It’s about values: human rights norms and tolerance for inequality
Using principles of non-discrimination and status equality, human rights have the potential to fill the ethical void in economics.
This debate on inequality as a human rights issue has so far focused on the instrumental importance of human rights to inequality and vice versa, rather than on the intrinsic value of equality as a human rights norm. While Samuel Moyn argues that the human rights regime and movement have little to contribute as means to combat inequality, Philip Alston, Juan Pablo Jiménez, Radhika Balakrishnan and James Heinz argue that inequality obstructs the realization of human rights. Yet it is in articulating equality as a valuable social norm—and inequality as an injustice—that human rights theorists and practitioners can make a vital contribution to these contemporary social and political debates.
Social attitudes on inequality are a critical factor in the politics of change. Unless inequality is seen as a problem, there would be no support for redistributive measures. Is inequality bad? How much inequality is acceptable? Few would argue for a completely egalitarian society. Inequality that results from differences in effort and ability is just reward, and provides necessary incentive for hard work. At what point does public opinion turn to find inequality “excessive” or “extreme”? Surveys show wide variation across countries and individuals on attitudes towards inequality as a problem.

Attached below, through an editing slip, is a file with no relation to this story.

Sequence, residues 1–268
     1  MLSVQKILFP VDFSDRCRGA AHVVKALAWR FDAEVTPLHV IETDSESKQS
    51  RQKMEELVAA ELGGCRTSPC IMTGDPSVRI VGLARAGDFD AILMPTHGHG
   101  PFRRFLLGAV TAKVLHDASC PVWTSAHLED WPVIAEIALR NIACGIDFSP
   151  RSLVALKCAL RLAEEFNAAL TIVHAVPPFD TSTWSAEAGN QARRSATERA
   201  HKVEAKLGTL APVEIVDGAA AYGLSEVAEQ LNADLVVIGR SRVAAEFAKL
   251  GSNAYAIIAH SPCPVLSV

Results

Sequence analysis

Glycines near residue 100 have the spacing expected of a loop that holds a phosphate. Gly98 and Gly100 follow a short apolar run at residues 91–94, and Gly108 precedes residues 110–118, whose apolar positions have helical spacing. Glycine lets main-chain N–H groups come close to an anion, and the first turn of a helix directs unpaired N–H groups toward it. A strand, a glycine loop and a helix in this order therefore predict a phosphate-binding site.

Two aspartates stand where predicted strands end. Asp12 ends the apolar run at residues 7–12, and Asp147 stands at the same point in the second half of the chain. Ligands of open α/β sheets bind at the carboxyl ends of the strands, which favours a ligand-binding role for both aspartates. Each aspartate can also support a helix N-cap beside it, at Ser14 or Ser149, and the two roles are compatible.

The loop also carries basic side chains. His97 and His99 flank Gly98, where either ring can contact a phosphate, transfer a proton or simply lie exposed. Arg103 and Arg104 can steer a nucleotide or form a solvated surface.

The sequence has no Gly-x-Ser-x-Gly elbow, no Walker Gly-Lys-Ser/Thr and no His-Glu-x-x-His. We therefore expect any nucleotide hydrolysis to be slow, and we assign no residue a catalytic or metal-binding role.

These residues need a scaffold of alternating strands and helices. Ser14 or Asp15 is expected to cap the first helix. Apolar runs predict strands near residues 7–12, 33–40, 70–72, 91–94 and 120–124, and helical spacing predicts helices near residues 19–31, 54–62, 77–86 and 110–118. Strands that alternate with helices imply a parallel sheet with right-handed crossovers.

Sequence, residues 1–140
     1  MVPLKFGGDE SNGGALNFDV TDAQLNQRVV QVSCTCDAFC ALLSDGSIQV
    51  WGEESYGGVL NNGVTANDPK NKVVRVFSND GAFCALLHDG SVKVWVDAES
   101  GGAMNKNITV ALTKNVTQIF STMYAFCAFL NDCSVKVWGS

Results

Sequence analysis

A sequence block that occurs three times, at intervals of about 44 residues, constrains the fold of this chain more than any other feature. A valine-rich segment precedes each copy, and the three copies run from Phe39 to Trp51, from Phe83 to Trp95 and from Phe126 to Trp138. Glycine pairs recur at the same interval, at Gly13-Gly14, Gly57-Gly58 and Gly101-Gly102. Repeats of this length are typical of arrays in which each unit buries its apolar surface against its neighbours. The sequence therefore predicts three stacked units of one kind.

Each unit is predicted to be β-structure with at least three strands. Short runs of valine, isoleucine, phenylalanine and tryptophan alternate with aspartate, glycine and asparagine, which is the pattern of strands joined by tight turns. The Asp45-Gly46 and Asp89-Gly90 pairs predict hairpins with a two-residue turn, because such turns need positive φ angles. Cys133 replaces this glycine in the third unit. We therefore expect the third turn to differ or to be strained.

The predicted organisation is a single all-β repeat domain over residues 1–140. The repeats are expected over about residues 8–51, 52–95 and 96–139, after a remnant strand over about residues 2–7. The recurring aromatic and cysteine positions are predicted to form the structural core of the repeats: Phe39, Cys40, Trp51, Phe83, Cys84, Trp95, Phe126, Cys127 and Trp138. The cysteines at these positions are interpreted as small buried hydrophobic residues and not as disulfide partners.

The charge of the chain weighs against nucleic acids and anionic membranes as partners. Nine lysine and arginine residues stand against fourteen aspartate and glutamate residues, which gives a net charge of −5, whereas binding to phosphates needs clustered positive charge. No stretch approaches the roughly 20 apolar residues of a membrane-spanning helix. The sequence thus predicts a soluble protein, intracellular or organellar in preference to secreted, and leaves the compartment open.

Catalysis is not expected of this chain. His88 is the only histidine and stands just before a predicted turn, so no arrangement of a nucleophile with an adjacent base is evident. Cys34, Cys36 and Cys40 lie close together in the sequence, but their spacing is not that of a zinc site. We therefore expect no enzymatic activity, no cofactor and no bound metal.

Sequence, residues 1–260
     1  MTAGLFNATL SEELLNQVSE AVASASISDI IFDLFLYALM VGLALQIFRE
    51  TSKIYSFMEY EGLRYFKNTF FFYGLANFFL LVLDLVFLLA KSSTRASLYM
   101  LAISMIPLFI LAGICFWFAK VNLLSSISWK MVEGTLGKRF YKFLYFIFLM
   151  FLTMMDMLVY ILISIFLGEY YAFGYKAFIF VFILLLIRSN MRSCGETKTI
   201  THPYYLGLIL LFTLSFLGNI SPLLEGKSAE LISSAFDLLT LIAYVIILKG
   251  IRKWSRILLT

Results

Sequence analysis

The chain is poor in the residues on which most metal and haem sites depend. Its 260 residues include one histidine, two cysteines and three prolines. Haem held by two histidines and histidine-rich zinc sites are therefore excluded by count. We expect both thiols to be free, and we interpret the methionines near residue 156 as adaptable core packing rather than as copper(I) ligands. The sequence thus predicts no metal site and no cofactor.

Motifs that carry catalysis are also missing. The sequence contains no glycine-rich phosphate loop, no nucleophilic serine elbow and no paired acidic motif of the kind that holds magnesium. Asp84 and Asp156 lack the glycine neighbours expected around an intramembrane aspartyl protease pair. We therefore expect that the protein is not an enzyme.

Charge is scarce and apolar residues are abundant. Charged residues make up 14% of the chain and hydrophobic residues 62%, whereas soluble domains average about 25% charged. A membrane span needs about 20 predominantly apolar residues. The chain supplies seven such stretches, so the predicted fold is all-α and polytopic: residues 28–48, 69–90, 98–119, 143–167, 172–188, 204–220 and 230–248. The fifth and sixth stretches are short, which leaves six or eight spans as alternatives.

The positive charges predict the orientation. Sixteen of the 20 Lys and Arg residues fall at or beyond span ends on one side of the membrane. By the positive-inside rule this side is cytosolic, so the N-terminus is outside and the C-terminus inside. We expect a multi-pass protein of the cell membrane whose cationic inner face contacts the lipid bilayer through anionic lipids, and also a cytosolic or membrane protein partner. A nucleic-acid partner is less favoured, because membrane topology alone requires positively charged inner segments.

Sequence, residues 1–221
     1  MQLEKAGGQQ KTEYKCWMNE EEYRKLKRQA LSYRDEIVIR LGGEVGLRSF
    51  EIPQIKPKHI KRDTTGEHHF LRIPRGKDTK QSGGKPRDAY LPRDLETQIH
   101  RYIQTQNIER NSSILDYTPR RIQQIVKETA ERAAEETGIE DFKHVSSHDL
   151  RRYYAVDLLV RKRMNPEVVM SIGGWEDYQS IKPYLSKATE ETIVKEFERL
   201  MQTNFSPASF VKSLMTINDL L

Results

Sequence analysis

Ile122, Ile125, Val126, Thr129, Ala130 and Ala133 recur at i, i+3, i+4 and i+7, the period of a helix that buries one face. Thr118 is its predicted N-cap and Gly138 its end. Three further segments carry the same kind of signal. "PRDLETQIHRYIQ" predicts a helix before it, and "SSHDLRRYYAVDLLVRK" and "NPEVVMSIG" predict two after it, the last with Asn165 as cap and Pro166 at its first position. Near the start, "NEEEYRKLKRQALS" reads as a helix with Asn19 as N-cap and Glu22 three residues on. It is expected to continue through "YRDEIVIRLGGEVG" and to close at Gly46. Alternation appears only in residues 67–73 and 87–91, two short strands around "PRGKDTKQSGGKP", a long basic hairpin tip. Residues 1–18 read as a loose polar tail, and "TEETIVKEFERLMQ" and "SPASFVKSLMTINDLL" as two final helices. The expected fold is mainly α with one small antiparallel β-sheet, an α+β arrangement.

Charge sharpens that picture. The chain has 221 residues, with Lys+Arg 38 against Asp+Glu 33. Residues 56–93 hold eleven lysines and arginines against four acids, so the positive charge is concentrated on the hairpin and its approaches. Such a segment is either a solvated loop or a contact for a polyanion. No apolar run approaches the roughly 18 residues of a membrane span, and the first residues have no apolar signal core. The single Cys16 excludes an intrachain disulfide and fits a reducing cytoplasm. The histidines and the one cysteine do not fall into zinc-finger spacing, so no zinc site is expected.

Research on tolerance for inequality has approached the issue as individual grievances over one’s relative income position in the framework of Rational Choice Theory and not as an ethical issue and a social concern. Key economic theories (e.g., the median voter theorem, or Hirschman’s “tunnel effect”), built on the assumption of the self-interested individual, theorize that attitudes towards inequality and support for redistribution depend on an individual’s position in the overall income/wealth distribution, and tolerance depends on whether s/he feels aggrieved by this position, either at a given point of time or in terms of future mobility. Intolerance for inequality would likely rise with increase in the level of inequality. Yet research has not found much empirical evidence to support these propositions.
People reject extreme inequality as unfair, regardless of one’s own economic position and self-interest.
This approach takes no note of concern people have over inequality as an undesirable state of the society they live in—a concern not due to having less than others, but because they adhere to egalitarian values. As Amartya Sen points out, attitudes to inequality are a part of an individual’s ethical values—a view on what is morally right or wrong. People reject extreme inequality as unfair, regardless of one’s own economic position and self-interest. Such views are often socially constructed and shaped by cultural norms, which vary considerably across societies and time periods. Some empirical studies have emerged that show that it is cultural values that can explain the difference in the tolerance for inequality. For example, Marc Suhrcke finds important differences between East and Western Europe, attributable to a difference in historically entrenched cultural norms about inequality. Using data from 26 countries, Malte Lübker finds that intolerance for inequality and public support for redistribution is not driven by the level of inequality. He argues that this is attributable to social justice norms, concluding that, “traditional rational choice theory is ill-equipped to understand a phenomenon that involves value judgments and moral considerations”.